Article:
VSM Figure 4.1 (dashed line indicates median survival). A: Good prognosis (or too short a study!). B: Poor prognosis early, then slower increase in mortality, with median survival of 3 months. C: Good prognosis early, then worsening, with median survival of 9 months. D: Steady prognosis. Prognosis Shown as Survival Curves
VSM Is this valid evidence about prognosis important? 2. How precise are the prognostic estimates? We need some means by judging just how much the results vary by chance alone. Confidence Intervals provide the range of values that are likely to include the true estimate, and quantifies the uncertainty in measurement. Good prognostic studies include the confidence intervals in their text, tables, or graphs.
VSM Can we apply this valid, important evidence about prognosis to our patient? 1. Is my patient so different from those in the study that its results cannot apply? Compare your patients with those in the study, using descriptions of the study sample’s demographic and clinical characteristics. The book recommends framing the question: “Are the study patients so different from mine that I should not use the results at all in making predictions for my patients?” in order to answer this question.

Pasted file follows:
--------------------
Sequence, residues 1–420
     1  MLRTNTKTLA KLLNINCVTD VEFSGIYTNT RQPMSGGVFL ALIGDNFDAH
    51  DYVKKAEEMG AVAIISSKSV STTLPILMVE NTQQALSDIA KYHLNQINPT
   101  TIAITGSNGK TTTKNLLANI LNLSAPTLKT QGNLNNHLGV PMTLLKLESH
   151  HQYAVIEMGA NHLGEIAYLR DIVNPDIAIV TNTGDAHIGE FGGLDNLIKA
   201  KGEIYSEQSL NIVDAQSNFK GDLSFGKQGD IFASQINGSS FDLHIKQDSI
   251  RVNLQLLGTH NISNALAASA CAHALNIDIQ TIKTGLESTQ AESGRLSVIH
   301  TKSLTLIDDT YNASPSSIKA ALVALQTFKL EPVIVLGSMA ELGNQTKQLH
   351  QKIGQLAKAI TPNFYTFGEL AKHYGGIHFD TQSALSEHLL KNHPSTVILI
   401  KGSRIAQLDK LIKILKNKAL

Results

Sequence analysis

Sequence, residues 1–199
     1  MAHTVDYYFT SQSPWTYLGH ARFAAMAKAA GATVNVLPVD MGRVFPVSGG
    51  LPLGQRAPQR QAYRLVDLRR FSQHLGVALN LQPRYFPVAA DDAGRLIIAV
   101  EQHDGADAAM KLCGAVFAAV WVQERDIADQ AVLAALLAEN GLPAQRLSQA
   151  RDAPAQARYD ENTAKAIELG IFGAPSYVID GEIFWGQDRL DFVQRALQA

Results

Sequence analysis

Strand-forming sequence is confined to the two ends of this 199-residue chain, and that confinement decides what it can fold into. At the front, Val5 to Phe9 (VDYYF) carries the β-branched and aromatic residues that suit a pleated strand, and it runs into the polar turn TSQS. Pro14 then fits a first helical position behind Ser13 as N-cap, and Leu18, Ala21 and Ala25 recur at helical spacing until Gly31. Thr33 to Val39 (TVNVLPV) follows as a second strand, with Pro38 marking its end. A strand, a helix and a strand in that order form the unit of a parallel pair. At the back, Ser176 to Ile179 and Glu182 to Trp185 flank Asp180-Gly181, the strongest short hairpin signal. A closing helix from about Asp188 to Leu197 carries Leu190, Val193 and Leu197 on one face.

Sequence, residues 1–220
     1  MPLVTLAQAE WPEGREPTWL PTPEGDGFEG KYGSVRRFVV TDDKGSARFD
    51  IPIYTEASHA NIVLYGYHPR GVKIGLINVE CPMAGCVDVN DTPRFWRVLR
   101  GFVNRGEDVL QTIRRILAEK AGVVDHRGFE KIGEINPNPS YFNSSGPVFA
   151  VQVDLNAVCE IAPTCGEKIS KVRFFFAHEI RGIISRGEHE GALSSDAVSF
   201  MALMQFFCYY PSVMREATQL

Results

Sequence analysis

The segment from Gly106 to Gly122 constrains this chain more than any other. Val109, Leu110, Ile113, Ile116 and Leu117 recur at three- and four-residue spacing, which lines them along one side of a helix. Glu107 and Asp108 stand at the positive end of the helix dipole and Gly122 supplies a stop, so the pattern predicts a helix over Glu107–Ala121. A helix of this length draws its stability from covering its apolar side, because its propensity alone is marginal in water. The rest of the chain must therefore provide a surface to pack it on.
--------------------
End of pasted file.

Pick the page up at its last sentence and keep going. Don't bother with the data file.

VSM Can we apply this valid, important evidence about prognosis to our patient? 2. Will this evidence make a clinically important impact on our conclusions about what to offer or tell my patient? Evidence regarding prognosis is useful for deciding whether or not to initiate therapy, for monitoring therapy that has been initiated, and for deciding which diagnostic tests to order. Even when the prognostic evidence does NOT lead to a treat/don’t treat decision, valid evidence can be useful in providing patients and families with the information they want about what the future is likely to hold.
VSM Practicing EBM in Real Time After you’ve retrieved and appraised an article, it’s useful to keep a copy of the appraisal in case the same question arises again. On the EBM attached CD, CATMaker software is provided to make a record of the appraisal and save it in your own database. Warning – these appraisals should have an expiration date!